About the American Board of Internal Medicine
Since its founding in 1936 to answer a public call to establish more uniform standards for physicians, certification by the ABIM has stood for the highest standard in internal medicine and its 21 subspecialties. Certification has meant that internists have demonstrated – to their peers and to the public – that they have the clinical judgment, skills and attitudes essential for the delivery of excellent patient care. ABIM is not a membership society, but a physician-led, non-profit, independent evaluation organization. Our accountability is both to the profession of medicine and to the public.
About the ABIM Foundation
The ABIM Foundation’s mission is to advance medical professionalism to improve the health care system by collaborating with physicians and physician leaders, medical trainees, health care delivery systems, payers, policymakers, consumer organizations and patients to foster a shared understanding of professionalism and how they can adopt the tenets of professionalism in practice. To learn more about the ABIM Foundation, visit www.abimfoundation.org, connect on Facebook or follow on Twitter.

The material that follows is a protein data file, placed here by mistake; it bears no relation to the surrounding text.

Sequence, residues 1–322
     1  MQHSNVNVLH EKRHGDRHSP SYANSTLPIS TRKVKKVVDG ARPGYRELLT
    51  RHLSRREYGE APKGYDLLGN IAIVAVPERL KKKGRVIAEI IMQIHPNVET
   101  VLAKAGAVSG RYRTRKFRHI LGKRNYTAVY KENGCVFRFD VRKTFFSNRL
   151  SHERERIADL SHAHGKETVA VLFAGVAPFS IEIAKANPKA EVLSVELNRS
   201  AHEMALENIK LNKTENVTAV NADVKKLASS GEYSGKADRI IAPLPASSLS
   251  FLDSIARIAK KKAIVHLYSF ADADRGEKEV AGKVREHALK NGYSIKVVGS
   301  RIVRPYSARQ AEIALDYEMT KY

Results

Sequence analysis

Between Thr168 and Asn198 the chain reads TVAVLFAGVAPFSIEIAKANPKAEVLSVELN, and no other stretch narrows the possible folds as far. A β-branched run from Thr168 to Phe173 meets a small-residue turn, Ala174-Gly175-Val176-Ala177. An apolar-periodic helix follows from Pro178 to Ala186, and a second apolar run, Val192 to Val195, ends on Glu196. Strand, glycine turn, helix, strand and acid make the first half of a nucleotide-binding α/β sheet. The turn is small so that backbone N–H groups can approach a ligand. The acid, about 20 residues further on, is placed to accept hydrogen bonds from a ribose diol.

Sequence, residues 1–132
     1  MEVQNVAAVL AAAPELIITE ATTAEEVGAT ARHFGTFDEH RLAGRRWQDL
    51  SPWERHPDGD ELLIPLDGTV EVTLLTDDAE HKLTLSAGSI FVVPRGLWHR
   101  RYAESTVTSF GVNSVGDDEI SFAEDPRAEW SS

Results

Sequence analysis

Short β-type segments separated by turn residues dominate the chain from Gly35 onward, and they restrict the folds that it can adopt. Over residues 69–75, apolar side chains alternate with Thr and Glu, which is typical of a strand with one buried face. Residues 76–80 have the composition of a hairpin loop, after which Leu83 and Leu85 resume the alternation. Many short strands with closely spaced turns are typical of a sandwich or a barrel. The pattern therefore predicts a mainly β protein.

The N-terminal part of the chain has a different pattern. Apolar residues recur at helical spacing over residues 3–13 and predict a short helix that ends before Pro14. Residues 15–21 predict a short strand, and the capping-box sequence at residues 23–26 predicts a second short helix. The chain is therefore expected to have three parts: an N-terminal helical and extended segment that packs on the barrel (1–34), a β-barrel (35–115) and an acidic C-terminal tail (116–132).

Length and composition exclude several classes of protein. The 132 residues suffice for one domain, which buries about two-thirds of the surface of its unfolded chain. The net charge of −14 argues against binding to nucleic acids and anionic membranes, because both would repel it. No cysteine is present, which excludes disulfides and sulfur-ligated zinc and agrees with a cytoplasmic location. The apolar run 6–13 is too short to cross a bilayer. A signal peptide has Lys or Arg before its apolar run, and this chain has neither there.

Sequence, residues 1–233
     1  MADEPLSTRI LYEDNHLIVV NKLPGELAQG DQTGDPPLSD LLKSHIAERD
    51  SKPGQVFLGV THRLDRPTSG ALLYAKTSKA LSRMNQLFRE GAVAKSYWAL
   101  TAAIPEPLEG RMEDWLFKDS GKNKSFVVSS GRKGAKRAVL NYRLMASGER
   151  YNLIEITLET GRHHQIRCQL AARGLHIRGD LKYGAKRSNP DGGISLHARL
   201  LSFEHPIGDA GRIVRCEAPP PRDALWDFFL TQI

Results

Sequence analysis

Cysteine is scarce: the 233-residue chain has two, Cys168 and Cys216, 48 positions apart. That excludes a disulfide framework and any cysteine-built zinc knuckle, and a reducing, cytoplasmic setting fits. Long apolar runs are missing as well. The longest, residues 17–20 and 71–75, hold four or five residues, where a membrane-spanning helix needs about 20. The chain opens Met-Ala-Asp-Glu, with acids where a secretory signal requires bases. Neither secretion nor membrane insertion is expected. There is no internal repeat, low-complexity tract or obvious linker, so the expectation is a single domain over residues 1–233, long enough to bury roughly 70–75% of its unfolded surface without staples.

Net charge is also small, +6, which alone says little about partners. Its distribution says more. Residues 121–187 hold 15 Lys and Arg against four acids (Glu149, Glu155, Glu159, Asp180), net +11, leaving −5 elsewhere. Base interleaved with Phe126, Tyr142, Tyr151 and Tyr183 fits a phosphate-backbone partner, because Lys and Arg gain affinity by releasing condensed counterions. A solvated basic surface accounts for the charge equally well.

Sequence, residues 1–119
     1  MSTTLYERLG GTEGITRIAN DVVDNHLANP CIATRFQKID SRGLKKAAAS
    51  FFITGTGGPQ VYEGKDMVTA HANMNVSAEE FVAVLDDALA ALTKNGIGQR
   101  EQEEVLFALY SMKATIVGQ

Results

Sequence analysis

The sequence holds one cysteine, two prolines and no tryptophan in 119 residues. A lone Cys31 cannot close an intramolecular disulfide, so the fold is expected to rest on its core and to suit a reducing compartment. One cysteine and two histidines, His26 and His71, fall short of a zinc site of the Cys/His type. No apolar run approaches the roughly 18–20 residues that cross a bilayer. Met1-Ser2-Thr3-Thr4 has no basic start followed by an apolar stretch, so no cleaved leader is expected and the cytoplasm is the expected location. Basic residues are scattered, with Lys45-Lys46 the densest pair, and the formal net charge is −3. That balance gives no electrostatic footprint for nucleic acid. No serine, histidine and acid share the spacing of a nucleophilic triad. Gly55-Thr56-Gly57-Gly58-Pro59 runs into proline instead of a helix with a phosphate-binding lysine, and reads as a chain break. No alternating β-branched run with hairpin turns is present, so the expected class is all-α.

About the American College of Physicians
The American College of Physicians is the largest medical specialty organization in the United States with members in more than 145 countries worldwide. ACP membership includes 163,000 internal medicine physicians (internists), related subspecialists, and medical students. Internal medicine physicians are specialists who apply scientific knowledge and clinical expertise to the diagnosis, treatment, and compassionate care of adults across the spectrum from health to complex illness. Follow ACP on Twitter, Facebook and Instagram.
About the Josiah Macy Jr. Foundation
Since 1930, the Josiah Macy Jr. Foundation has worked to improve health care in the United States. Founded by Kate Macy Ladd in memory of her father, prominent businessman Josiah Macy Jr., the Foundation supports projects that broaden and improve health professional education. It is the only national foundation solely dedicated to this mission. Visit the Macy Foundation at macyfoundation.org and follow on Twitter at @macyfoundation.
Jaime McClennen, 609-703-6909